The emergence of the idea of resilient planting is a response to a number of different pressures which all have one underlying cause – climate change. Whatever the cause – and I’ll get on to that later – I see it as the most exciting change to the way we design our gardens and landscapes.
Last year we had one of the hottest summers ever recorded and it serves to heighten awareness of the vulnerability of some plants and garden styles to the increasingly erratic climate we are dealing with in the UK. We seem to swing from one extreme to the other, and this is only likely to get worse. I’ve witnessed a number of stressed plants in my own garden but feel relieved that most have thrived throughout the heat, without any watering on my part. this is down to soil, drainage, micro-climate and above all, plant choice.
Ballota pseudodictamnus, a Mediterranean sub-shrub with grey, felted leaves, loved by bees.
We garden on an alluvial coastal plain, and are fortunate to have a very free-draining soil overlying a clay substrate. It gives us fertile soil, great drainage and a moist sub-strata within the reach of most plants (many areas around us are of much heavier clay). A large section of our front area used to be a paddock with a rubble driveway and this now forms the basis of much of my dry garden. Some rubble was removed and topsoil added, but a lot of areas are still rubble-strewn, not unlike some rocky soils. The down side of all this is super-fertility and a soil filled with weed seeds, bindweed and couch. To be honest, I’d have preferred a poorer soil.
When thinking of resilient planting, we have to match our plant type to the environment; we also have to think, long-term, of how our environment might change in the coming years. This is not so important when dealing with short-lived plants such as herbs, sub-shrubs and perennials, but is super important when dealing with long-term structures, especially trees. This is doubly true when we look at the potentially disastrous effects of imported pests and diseases that we are having to content with. Climate change, especially milder winters, mean that exotic pests are happily making a home here and wreaking an unintentional devastation to trees such as our native ash and even oak.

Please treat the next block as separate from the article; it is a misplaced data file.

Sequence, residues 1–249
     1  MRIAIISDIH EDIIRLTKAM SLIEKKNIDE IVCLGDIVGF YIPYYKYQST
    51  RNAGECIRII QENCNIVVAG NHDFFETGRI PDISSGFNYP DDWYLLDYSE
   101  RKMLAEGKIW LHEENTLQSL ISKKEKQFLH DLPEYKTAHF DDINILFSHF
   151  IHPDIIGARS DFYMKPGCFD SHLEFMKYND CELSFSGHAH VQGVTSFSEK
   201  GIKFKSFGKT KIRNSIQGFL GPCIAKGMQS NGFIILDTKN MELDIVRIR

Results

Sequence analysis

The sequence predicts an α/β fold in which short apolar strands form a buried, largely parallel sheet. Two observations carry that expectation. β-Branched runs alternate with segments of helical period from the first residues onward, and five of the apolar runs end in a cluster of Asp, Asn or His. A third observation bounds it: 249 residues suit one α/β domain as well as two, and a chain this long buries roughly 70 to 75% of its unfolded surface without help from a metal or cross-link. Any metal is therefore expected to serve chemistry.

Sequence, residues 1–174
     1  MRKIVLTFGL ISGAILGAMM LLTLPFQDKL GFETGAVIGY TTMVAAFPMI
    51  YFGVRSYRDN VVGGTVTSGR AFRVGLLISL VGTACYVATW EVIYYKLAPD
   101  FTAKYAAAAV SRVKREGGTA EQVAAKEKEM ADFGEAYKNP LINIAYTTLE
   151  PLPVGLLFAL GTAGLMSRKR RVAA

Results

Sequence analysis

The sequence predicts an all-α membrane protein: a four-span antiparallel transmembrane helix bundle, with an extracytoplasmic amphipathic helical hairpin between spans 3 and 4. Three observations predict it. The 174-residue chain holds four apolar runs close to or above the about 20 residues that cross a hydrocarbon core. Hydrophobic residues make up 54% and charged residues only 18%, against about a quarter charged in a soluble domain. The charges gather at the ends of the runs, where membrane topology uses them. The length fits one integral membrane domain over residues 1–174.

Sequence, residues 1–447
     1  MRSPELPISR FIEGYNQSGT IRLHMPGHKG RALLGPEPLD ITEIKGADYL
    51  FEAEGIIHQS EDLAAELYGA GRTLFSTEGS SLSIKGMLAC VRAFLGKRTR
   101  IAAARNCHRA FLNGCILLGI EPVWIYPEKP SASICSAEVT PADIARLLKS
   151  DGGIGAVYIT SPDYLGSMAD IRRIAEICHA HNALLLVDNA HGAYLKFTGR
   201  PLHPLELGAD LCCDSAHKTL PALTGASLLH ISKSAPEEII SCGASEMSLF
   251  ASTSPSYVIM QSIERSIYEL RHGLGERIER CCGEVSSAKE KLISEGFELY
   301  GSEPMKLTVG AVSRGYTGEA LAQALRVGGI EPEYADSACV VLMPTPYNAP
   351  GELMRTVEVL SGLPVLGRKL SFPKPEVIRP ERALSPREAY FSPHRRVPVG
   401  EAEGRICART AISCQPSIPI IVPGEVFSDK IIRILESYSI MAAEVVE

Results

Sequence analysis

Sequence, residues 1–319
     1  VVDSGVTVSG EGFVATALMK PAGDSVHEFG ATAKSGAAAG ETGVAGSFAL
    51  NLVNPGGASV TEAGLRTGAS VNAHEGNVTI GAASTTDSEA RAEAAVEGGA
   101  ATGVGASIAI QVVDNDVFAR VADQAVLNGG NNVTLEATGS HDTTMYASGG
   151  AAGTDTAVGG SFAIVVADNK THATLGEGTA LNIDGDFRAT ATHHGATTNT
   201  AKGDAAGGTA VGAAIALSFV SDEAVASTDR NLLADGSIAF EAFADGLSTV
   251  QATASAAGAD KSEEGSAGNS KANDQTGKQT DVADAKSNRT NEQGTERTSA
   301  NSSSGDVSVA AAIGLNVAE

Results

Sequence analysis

Phlomis russeliana, after flowering. The stem leaves have since dropped, leaving a brown, architectural structure.
No-one can say exactly which way our climate will go as the world hots up; we know we (in the UK) will always be maritime, because that can’t change, but as the Jet stream (wind currents) varies and the Gulf stream (water currents) weakens, we don’t really know what kind of climate we’ll end up with. We can only plan for extremes, and select our planting choices with that in mind. In this respect, the “new perennial” or “naturalistic” planting isn’t necessarily going to be the toughest choice as they come from a continental climate which generally have hot summers and very cold winters. Prairie plants tend to get out-competed here with our mild winters and grasses and forbs that can grow all year round, given mild conditions. The aforementioned fertility (at least in my garden’s case) also doesn’t help as wildflower meadows/prairies tend to have poor soil which helps keep the grasses from assuming dominance. During the heat-stressed weeks, I noticed that where I have perennials like Echinacea and Veronicastrum (in moister areas than the dry garden), they suffered from the lack of water. which resulted in the Veronacastrum flower spikes looking stunted. for more moisture-demanding planting, sub-surface irrigation using harvested rainwater might become a necessity.
To my mind though, if you need irrigation you’re working with the wrong plant-types, trying to grow plants that can’t naturally cope with the conditions that predominate. Save your water for the newly planted and the vegetable plot and for this, consider rainwater harvesting, rather than mains. When selecting plants, see what grows well, both of native and non-native origins and build adaptive micro-ecologies. Our climate is changing faster than the current ecosystems and ecologies can cope with and we need to do whatever we can to build new planting that is of maximum benefit to local wildlife, as well as ourselves.